I take my first steps in China, marvelling at the sudden change in spatial realities. The dust and din of Nepal seems like a thousand kilometres away. Nepali trucks queue up on a massive four-lane concrete road, in a show of distinctly non-Nepali discipline. The rugged hills that are the bane of Nepali highways have been tamed by human engineering here. Behind the terminal is a three-storeyed building, the ground floors of which are taken up by departmental stores selling everything from mosquito repellents to Lhasa beer at wholesale prices, and restaurants advertising Chinese and Nepali foods. The smell of apples lingers in the air. At Bhrikuti Tara, a restaurant owned by a Nepali, I meet a few truck drivers who are bringing in the fruit from China. ‘No apples are coming from India because of the Indian elections,’ one of them tells me.
The Rasuwa–Gyirong border crossing was the only inland trade route between Nepal and China between 2015 and 2019, when the Tatopani–Zhangmu border crossing reopened after four years. While the Tatopani crossing may be closer to Kathmandu, the Rasuwa crossing allows for easier transport to Nepal’s other cities. In 2018, Rasuwa exceeded its revenue collection target by 26 per cent, and at least 900 trucks carried cargo between Nepal and China. Even trucks that operated on the Tatopani border had shifted here. ‘The Tatopani truck owners are ready to ferry goods for NPR 75,000–80,000 per trip because they do at least two to three trips per month. But Rasuwa locals have been demanding at least NPR 110,000 per trip,’ Krishna, who also owns one container-truck, tells me. ‘We’ve been negotiating fares. Let’s see what happens.’ He is a part-time local politician who knows the inner workings of the system, comfortably disembarking to direct traffic at the border. He knows a Nepali woman who married a Chinese man and now lives in Gyirong, and asks me if he should buy some land in partnership with them and grow some vegetables to sell to the Chinese. ‘I am sure the money will be good.’ I know little about the sales potential of such a venture, but it seems like an excellent idea on paper, so I don’t deter him.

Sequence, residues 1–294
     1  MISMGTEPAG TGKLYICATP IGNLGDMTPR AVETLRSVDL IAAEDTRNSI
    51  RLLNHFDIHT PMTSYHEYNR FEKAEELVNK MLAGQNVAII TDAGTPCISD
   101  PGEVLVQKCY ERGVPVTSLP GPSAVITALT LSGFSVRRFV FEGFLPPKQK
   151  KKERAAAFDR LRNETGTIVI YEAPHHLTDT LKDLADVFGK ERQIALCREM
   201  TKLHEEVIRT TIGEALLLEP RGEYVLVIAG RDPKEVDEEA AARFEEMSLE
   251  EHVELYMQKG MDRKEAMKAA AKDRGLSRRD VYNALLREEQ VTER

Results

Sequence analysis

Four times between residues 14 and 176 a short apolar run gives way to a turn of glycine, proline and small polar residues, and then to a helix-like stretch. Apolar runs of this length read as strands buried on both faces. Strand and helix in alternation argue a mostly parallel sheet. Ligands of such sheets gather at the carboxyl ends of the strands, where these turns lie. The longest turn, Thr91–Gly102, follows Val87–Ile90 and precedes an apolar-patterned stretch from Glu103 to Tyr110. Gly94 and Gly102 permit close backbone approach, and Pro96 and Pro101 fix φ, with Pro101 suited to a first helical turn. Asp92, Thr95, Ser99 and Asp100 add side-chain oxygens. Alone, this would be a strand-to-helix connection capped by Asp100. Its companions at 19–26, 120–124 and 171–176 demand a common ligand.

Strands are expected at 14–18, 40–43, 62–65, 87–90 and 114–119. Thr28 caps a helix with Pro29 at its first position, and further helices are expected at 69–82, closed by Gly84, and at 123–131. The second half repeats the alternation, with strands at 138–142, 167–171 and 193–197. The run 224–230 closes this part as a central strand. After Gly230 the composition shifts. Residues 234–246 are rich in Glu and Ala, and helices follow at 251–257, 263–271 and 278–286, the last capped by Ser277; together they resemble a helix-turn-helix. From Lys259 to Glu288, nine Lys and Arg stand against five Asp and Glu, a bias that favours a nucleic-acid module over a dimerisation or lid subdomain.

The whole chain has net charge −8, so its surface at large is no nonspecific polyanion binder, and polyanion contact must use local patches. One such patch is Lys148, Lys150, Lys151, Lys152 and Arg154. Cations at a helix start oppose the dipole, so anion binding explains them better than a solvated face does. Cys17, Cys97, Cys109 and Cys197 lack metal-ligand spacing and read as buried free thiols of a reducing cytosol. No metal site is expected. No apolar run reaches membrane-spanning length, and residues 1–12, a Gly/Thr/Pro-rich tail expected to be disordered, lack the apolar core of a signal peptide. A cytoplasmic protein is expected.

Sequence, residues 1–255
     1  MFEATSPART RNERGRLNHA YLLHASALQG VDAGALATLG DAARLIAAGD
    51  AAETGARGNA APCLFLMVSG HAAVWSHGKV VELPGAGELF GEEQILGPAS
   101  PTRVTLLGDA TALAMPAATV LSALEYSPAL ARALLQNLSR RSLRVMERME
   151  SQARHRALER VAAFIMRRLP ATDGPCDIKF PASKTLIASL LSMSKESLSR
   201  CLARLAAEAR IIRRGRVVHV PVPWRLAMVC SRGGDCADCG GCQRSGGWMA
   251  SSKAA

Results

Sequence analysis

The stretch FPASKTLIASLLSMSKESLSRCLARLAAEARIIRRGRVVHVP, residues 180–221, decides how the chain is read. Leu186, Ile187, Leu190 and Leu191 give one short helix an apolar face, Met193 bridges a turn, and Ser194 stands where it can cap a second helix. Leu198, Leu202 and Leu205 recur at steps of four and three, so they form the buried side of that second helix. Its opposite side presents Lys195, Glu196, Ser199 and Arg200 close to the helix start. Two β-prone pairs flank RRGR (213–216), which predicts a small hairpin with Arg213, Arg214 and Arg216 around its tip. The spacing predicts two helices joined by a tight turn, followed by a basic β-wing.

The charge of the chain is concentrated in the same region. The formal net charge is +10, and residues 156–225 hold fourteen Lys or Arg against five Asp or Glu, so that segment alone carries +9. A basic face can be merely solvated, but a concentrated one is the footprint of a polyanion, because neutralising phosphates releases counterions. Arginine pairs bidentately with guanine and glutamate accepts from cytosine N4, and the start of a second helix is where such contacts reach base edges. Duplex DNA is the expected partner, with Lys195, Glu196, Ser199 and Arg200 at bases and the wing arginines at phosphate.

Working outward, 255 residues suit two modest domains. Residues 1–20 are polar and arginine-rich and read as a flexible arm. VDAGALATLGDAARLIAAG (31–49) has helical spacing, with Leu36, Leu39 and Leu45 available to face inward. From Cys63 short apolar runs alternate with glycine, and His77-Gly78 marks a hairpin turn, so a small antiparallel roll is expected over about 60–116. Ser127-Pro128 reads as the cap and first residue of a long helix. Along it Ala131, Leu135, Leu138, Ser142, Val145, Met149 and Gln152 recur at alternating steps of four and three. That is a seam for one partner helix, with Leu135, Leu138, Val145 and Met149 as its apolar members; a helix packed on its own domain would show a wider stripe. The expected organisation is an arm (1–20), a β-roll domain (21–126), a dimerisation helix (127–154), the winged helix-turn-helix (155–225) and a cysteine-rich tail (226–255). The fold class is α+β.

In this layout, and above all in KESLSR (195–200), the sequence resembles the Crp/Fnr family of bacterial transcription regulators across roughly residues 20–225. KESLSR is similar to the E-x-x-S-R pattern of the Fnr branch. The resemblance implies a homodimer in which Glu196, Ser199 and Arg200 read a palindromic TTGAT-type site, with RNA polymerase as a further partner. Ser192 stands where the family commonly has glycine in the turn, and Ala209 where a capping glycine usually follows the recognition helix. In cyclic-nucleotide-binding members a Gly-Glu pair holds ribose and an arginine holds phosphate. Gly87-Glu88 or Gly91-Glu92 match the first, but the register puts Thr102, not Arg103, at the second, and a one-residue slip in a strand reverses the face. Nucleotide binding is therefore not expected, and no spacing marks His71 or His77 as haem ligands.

The customs official who crossed over with us peeps into the shop and asks whether we intend to return soon. He is done with his shopping; he has bought walnuts, canned juice, noodles and a few things I cannot recognise. ‘There’s no rush. We can leave once you have finished up,’ he says, and returns to his sons, who sit on the pavement outside.
Behind the shopping centre is a ridge dotted with lungtas, Tibetan prayer flags, strung up on rockfall fences. Just as we are ready to go back, Krishna rushes into a shop and emerges with a twenty-roll pack of toilet paper. ‘It’s much cheaper here,’ he says. All of us begin comparing prices. The bag of walnuts, at NPR 400, is a steal; so is the beer at NPR 100 a can. Our little excursion into China comes to an end when the seven of us walk inside the departure building. Another official asks us to line up, looking carefully at her mobile phone, and instructs one of us to remove his cap. Once outside, we pull up our masks and cross the bridge back into dusty Nepal; almost immediately, a traffic jam greets us. A truck hired by the Nepal Army to bring back ammonium nitrate for explosives from Gyirong has blocked the way, and a police officer with greying hair is almost apoplectic with rage. As we park our vehicle to a side, one of the customs official’s sons points to a Chinese man smoking by the roadside. ‘Isn’t he the same guy who refused us a lift yesterday?’ he asks his brother.
Extracted with permission from All Roads Lead North: Nepal’s Turn To China by Amish Raj Mulmi, published by Context, an imprint of Westland Publications, March 2021